The problem is, however, that §1501 does not also include the terms ‘cybersecurity risks’ or ‘incident’. One could use the current reference to §148 for those terms but specify that the term ‘information system’ is based upon §1501. Doing that in both instances where the first two terms are currently used would be very wordy and potentially confusing.

It would probably be better to add a new paragraph to §4 of the bill that provides definitions that would be used in the Port Security chapter of the US Code (46 USC 70101). If I were doing this, I would add the following definitions:

(1) The term ‘information system’ has the meaning given the term in section 3502 of title 44;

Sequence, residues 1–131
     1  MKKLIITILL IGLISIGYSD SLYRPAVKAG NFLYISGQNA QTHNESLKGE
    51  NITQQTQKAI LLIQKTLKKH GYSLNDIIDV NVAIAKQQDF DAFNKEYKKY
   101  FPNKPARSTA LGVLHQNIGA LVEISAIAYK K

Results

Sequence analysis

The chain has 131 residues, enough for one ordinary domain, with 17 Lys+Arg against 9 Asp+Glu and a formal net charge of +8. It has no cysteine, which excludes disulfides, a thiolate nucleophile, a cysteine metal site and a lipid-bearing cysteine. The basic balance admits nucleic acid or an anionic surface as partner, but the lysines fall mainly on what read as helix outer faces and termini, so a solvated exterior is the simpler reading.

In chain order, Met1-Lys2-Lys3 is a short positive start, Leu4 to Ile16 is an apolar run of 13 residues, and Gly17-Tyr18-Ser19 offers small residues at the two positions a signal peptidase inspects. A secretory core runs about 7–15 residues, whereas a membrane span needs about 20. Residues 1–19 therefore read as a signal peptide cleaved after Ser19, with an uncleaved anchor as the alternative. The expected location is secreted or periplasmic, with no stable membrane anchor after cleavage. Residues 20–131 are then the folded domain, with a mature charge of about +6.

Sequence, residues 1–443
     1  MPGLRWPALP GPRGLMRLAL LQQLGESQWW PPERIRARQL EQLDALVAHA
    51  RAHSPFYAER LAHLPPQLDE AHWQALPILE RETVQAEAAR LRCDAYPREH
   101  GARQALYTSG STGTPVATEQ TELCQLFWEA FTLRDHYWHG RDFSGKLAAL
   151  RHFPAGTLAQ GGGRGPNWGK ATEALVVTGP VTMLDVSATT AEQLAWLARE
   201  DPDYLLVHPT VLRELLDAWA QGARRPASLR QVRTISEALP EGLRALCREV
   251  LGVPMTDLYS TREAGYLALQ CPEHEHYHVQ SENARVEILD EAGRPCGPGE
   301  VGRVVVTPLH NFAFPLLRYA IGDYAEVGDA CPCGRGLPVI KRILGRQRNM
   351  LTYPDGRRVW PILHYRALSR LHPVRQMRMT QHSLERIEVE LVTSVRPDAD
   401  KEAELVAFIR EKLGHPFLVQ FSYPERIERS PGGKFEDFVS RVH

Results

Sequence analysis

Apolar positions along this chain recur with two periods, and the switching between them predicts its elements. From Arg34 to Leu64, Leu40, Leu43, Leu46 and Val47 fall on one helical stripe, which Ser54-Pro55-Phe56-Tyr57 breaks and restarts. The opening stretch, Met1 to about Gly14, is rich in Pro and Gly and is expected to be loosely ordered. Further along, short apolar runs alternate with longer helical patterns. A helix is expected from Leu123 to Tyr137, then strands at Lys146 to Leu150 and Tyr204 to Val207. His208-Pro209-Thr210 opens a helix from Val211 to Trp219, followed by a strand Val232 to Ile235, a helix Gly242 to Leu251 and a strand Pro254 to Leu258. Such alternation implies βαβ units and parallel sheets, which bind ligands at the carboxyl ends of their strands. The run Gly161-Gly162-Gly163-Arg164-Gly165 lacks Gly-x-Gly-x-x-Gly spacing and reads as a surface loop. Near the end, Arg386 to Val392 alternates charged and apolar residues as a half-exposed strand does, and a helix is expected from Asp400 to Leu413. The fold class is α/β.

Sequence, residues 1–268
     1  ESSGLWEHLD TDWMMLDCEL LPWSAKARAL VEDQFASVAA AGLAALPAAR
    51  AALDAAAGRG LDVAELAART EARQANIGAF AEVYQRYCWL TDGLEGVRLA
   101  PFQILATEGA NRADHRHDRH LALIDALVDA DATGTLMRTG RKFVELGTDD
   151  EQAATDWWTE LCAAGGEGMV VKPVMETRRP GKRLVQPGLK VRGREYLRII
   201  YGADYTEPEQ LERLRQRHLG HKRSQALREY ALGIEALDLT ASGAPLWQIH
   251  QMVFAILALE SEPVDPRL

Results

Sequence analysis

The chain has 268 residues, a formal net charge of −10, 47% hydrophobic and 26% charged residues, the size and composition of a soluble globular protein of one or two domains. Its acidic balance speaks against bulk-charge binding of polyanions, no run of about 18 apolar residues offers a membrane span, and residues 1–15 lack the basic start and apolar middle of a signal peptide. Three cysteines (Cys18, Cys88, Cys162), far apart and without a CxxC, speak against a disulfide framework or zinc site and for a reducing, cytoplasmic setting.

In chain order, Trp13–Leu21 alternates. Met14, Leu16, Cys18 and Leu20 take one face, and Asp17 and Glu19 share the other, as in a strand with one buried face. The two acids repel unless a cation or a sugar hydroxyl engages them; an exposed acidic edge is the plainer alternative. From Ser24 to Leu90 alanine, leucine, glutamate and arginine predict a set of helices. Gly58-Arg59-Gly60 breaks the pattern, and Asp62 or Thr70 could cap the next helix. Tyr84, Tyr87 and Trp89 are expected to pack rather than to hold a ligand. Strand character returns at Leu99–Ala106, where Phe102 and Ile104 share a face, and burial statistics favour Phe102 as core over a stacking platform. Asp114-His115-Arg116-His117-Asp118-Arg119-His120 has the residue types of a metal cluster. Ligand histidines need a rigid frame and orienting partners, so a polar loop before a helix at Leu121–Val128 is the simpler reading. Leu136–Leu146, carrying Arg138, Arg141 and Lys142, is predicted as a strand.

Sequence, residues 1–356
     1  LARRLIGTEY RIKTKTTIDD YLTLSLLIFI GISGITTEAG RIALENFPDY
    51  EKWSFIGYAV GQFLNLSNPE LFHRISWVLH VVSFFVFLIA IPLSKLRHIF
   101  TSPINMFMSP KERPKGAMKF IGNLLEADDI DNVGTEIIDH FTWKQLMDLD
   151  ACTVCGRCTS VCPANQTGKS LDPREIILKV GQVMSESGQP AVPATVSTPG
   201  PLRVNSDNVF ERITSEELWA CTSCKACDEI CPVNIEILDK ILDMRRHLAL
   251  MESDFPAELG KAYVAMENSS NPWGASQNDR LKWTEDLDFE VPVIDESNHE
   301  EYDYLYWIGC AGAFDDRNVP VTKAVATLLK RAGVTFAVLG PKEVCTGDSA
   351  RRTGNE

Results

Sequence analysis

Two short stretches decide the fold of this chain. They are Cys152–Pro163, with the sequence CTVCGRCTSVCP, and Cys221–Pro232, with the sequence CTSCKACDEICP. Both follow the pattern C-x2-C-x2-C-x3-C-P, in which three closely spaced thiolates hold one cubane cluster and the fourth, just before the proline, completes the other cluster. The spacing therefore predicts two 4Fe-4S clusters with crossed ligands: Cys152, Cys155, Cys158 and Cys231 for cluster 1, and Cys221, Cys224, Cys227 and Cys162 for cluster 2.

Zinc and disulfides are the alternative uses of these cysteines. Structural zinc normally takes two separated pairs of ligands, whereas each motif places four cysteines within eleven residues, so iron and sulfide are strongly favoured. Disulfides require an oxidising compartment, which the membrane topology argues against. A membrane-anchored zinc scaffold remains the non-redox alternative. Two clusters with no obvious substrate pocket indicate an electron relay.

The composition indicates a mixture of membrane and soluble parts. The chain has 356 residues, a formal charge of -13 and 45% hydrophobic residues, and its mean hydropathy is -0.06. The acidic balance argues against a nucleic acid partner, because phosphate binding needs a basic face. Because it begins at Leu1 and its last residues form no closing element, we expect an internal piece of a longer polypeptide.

(2) The term ‘control system’ means a discrete set of information resources, sensors, communications interfaces and physical devices organized to monitor, control and/or report on physical processes, including manufacturing, transportation, access control, and facility environmental controls;

(3) The term ‘cybersecurity risk’ means:

(A) threats to and vulnerabilities of information, information systems, or control systems and any related consequences caused by or resulting from unauthorized access, use, disclosure, degradation, disruption, modification, or destruction of such information, information systems, or control systems, including such related consequences caused by an act of terrorism; and

(B) does not include any action that solely involves a violation of a consumer term of service or a consumer licensing agreement;